Must. Listen. To.: La Chanson du Gitan, Paye-Moé, Le retour du beau temps, Sous les étoiles, Elle passa.


IMG_8537Rational Youth | Cold War Night Life [Expanded Edition] (Synth-Pop)

Following on their most recent (and highly recommended!!) EP, Future Past Tense, Rational Youth had a nice surprise for old and new fans alike: the re-release of their 1982 classic Cold War Night Life. This expanded edition includes extended versions of Saturdays in Silesia and City of Night, a French version of City of Night called Cité Phosphore and extensive liner notes written by original member Tracy Howe.

This album is a real anthology piece from one of the first Canadian all-synths pop band. It showcases Rational Youth’s ability to shove aside the drier side of synth music and create catchy melodies and choruses. Songs like the aforementioned Saturdays in Silesia and City of Night are prime examples of this type of songwriting where melody lines from the synths make the music sounds really big and epic despite the minimalist approach. Other high points include Just a sound in the night with another grandiose melody line and the instrumental Le meilleur des mondes, which could fit nicely as a video game soundtrack.

A real treat for fans and a perfect way to discover these Montréal electro pioneers. Cold War Night Life is available on all digital platforms and on vinyl here.

Must. Listen. To.: Saturdays in Silesia, City of Night, Just a sound in the night, Beware the fly, Le meilleur des mondes.


IMG_8539Leeman | Prayer Flags (EDM)

Following an ambient and introspective album called Imaginary Worlds back in 2016, Leeman is back with a new record called Prayer Flags. The concept of the album is inspired by the prayer flags that can be found in Tibet, colorful rectangular cloths hanged often in high places in order to bless the surroundings.

They come in a set of five colors: blue, white, red, green and yellow; and each have their own meaning. On this record, each song is named after one of these colors, with Leeman adding his personal flag to the set: Black. Musically, Leeman is still delivering his catchy EDM while evolving his sound to add a mystical layer to it.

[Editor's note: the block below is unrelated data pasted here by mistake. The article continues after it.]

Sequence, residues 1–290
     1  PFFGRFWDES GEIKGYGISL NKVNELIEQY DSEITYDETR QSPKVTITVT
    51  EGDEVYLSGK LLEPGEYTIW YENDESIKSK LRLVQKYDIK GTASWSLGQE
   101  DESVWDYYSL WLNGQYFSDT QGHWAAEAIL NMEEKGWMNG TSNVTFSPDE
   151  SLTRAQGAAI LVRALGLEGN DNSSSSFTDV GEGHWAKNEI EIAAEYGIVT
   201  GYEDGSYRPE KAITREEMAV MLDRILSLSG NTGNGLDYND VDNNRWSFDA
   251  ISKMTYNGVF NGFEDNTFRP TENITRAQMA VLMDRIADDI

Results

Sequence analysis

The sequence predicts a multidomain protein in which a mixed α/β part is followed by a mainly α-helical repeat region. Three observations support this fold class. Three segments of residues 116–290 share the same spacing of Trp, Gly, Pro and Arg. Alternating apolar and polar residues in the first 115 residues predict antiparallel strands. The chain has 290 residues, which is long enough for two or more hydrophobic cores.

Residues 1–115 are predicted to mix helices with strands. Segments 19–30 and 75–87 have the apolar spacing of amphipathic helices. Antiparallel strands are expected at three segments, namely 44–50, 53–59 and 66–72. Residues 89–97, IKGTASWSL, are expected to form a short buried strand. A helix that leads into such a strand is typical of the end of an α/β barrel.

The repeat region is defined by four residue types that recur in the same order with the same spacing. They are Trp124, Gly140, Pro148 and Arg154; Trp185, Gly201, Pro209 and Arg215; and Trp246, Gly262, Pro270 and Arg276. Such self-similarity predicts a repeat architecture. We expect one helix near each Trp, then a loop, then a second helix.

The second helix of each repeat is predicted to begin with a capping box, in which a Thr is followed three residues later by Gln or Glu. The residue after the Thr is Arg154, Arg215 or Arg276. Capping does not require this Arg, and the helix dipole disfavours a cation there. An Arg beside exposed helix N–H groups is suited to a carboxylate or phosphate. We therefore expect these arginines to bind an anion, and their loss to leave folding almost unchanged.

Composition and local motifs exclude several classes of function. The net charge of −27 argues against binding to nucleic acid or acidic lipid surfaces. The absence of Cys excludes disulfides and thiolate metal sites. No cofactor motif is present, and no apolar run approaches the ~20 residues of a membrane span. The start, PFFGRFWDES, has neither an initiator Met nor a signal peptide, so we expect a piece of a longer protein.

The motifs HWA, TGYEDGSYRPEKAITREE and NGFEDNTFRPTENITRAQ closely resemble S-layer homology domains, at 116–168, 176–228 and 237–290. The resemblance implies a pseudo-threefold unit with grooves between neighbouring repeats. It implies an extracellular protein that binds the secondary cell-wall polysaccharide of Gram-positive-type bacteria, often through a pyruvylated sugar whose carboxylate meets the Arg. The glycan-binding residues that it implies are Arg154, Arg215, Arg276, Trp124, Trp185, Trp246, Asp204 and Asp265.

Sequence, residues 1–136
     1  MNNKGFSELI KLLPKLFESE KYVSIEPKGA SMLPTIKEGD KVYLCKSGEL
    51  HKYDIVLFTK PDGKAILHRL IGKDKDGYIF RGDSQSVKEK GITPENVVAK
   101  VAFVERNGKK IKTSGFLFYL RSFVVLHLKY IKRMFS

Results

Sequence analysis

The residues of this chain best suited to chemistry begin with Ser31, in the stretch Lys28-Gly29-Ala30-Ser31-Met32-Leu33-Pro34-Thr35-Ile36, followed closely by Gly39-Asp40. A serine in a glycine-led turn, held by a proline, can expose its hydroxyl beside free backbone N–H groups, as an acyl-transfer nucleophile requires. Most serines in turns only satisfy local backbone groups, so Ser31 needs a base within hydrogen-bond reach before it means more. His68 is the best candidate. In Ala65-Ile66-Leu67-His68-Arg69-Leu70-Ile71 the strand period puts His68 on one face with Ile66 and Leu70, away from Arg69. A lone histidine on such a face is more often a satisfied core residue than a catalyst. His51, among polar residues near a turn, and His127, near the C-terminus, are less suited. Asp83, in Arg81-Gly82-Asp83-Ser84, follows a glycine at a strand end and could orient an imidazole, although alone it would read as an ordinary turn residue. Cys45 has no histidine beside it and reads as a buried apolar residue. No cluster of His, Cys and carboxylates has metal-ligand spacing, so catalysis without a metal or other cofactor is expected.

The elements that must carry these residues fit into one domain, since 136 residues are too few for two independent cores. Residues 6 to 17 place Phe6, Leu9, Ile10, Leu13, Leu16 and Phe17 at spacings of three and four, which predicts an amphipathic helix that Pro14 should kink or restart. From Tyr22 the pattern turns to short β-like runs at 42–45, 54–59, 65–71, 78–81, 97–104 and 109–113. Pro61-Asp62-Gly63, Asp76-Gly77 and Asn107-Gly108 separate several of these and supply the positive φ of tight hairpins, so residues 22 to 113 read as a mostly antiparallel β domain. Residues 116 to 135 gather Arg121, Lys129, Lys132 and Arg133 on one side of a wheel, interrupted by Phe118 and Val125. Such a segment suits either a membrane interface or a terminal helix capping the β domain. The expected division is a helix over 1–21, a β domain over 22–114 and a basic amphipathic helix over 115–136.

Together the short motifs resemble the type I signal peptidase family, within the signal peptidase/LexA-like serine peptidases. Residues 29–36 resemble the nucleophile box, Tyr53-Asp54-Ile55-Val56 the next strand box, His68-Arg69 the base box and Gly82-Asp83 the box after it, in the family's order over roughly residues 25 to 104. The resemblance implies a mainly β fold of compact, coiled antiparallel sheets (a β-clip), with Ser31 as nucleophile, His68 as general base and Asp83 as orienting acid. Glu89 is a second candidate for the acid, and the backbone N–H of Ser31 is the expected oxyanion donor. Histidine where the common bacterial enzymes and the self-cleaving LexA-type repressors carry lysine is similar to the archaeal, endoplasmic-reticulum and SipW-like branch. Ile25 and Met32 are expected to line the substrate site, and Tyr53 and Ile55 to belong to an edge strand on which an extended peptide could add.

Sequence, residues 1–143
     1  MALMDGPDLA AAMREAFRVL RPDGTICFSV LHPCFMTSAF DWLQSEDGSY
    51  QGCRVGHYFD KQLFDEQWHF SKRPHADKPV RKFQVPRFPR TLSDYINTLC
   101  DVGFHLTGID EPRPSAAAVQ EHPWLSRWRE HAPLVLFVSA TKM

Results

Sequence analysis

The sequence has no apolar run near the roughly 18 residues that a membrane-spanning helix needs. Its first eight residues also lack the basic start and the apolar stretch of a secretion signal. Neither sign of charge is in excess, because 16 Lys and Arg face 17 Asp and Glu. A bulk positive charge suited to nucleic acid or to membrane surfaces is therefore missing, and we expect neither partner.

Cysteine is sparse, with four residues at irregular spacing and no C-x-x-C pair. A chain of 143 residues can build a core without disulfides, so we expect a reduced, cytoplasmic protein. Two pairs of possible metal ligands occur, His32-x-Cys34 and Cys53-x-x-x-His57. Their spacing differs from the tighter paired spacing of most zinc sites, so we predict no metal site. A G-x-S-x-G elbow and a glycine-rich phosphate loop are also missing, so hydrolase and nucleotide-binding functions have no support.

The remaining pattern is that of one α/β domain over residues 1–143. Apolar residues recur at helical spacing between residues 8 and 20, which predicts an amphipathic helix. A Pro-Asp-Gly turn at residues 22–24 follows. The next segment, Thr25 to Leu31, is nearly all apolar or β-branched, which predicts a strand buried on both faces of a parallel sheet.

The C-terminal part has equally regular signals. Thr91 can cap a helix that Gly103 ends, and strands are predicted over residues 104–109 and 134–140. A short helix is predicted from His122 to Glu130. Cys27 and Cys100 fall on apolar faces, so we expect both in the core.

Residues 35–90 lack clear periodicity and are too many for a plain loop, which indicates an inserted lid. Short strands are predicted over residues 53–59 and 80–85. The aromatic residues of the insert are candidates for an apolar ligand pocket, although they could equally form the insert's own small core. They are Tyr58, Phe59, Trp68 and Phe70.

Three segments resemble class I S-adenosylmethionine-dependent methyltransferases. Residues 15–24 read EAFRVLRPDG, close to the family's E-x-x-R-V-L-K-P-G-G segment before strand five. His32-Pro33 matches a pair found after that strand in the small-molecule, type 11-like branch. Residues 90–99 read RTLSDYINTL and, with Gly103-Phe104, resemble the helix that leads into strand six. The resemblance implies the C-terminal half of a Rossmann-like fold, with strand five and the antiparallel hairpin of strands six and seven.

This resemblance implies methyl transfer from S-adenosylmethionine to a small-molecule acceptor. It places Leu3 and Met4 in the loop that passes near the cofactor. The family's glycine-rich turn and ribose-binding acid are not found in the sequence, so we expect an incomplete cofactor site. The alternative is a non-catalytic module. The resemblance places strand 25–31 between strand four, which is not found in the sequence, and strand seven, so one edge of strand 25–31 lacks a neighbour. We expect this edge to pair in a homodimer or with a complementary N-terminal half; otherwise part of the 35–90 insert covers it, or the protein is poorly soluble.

The use of airy female vocals sprinkled on many tracks are almost new-age like (think Evermind-era Amethystium) and bring a whole new dimension to the music. There’s something hypnotic to it that makes you want to close your eyes and get drawn to the music.

As you get through the record, bass-driven darker vibes take over on song White and culminates with Black, a track that uses industrial siren sound and distorted vocals. How did we get here again?!?

Like the wind passing over the surface of the prayer flags, let the music of Leeman flow through your ears in order to purify and sanctify your mind!

Available on digital platforms and on vinyl here!

Must. Listen. To.: Red, Black, Green.


IMG_8538Mélisande [électrotrad] | Les Myriades (Electro | Trad)

Purists often hate genre-blending music. As if art should be tightly ring-fenced. We’re certainly no purists here at Jano Lapin, so it was with an open mind that we discovered Mélisande [électrotrad] who blend Québec’s trad classics with electronic music.

The duo traveled their region meeting seniors in various clubs (like the Knights of Columbus) who introduced them to these old trad gems. The duo then adapted the songs and layered electro arrangements. From the first notes of Demain je m’en vas, the mad scientists that are Mélisande and Alexandre ‘Moulin’ de Grosbois-Garand will grab your attention and won’t let you go for the next 30 minutes.

The blend of trad and electro works incredibly well. From the song selection to the violon work on Ti-pétard Allard or the synths on Chanson de mensonges, every ingredient enhance the others. It’s no wonder the band won numerous awards over the last years, including two Independent Music Awards.

So whether you’re looking for an unexpected twist on your dance floor or to spice up your sugar shack, look no further than Mélisande [électrotrad] !

Must. Listen. To.: Amusons-nous jeunesse, Ti-pétard Allard, Chanson de mensonges, Demain je m’en vas, Le pied su’l cant.